I was a little hacked off by this lack of enlightenment, but I went ahead and got confirmed as a Methodist. I still remember that horrible, sinking feeling in the pit of my stomach as I read my confirmation vows at the pulpit the week after that. I felt like I was being sentenced to death.
I quietly continued my research into alternate belief systems, however, and I even briefly delved into Wicca in private while projecting the false image of the ideal Christian. I eventually stopped attending church regularly to pursue my goal in finding my faith full-time. I spent much of my late teens drifting from agnostic to sort-of Christian.
Meanwhile, my stepfather's abuse continued. When all else failed, I prayed to the Lord regularly to save me from the abuse, to protect me from my stepfather. Jehovah never showed up, and the mental and sexual abuse at my stepfather's hands continued. I began to think that perhaps it was my fault, for not being a good enough Christian.
I despaired, eventually believing that I might be better off dead. I attempted suicide -- twice. The first time was in June 2000 and the second time was in early 2001. In November of 2001, I went into counselling, and confronted my fears of my stepfather and, in turn, my fear of the invisible sky-daddy who would condemn me to hell for not being a perfect Christian. I had been manipulated into fear enough at the hands of my stepfather, a supposedly "ideal" Christian, and I didn't need any more condemnation at the hands of a manipulative God or His followers.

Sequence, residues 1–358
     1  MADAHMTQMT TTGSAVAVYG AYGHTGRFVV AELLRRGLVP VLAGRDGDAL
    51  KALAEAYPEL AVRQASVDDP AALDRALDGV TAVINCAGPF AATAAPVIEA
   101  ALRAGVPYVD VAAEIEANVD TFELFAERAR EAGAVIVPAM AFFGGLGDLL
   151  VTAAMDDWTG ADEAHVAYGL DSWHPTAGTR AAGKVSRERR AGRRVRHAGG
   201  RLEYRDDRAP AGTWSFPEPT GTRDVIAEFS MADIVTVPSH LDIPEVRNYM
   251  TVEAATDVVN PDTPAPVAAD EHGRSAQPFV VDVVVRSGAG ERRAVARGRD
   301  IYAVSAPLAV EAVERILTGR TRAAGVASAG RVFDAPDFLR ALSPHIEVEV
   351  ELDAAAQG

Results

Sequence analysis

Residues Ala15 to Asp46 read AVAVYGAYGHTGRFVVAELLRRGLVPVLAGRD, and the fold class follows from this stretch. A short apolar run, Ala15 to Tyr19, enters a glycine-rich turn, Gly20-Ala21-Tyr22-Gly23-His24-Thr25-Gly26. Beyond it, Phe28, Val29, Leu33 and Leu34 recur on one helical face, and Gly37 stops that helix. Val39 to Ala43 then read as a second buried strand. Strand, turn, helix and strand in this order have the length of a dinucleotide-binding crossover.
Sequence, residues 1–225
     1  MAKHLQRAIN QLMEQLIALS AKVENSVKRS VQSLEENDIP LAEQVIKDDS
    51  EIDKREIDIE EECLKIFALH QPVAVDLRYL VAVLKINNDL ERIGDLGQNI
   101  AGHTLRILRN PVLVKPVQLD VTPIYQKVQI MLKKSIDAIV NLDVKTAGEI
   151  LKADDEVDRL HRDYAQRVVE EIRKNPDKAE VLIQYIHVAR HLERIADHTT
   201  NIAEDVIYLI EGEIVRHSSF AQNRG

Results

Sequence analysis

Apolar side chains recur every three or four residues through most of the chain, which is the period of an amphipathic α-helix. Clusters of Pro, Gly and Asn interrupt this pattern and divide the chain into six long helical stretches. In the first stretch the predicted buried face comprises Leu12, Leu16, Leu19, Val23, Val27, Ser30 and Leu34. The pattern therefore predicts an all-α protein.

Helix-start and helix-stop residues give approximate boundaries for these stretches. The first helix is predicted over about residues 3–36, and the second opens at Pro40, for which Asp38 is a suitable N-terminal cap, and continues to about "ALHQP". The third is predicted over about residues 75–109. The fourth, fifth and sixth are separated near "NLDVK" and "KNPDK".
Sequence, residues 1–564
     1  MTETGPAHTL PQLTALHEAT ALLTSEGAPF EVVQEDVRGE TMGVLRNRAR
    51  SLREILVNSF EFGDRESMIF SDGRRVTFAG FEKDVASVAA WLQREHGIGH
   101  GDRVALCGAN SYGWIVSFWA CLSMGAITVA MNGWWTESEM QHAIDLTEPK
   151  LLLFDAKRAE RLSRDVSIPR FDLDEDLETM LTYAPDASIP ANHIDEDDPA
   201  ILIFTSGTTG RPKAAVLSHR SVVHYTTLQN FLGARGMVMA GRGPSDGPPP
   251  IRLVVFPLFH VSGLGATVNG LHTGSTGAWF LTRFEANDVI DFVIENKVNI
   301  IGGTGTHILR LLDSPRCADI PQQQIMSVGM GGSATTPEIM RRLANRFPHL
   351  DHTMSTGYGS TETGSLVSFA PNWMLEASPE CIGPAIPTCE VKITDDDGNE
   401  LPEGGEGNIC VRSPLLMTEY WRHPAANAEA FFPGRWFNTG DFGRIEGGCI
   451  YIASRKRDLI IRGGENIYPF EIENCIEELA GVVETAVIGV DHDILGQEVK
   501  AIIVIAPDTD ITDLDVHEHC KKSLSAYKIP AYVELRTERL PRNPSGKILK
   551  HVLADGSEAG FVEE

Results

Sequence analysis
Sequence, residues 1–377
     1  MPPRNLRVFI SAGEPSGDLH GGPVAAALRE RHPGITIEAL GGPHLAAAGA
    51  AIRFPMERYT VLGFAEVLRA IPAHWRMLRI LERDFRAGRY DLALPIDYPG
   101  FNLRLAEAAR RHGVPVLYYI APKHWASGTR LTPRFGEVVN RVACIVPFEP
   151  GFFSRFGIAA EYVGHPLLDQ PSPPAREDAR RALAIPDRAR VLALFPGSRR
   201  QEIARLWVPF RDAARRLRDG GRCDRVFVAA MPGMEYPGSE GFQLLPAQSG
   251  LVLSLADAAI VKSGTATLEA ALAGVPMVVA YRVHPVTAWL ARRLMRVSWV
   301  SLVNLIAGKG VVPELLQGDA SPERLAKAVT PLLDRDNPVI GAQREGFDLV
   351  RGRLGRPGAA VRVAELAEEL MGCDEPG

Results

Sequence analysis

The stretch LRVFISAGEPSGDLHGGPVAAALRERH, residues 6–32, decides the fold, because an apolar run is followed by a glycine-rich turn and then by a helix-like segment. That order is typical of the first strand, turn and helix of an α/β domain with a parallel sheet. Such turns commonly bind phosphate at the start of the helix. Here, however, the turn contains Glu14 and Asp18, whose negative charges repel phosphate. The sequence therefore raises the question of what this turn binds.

My beliefs began to change. I began to put my faith in a more tender and compassionate entity that could substitute for the loving father figure I never had. I rejected the warring Jehovah in favour of this kinder, gentler, unisex Deity who would accept me for who I am -- all of who I am, and not just bits and pieces of what anyone thought I *should* be. So, knowing my believes didn't jibe with the image of the Christian God, I walked away from the church and didn't look back.
It wasn't until late '03 that I discovered the Gnostic Gospels. And it made more sense to me than Christianity ever did, so I -- at this point in my life -- consider myself a freethinking neo-Gnostic. I don't think Jesus was the saviour of mankind. He was just a man, if indeed he existed at all. And that's what gets me into hot water with my family.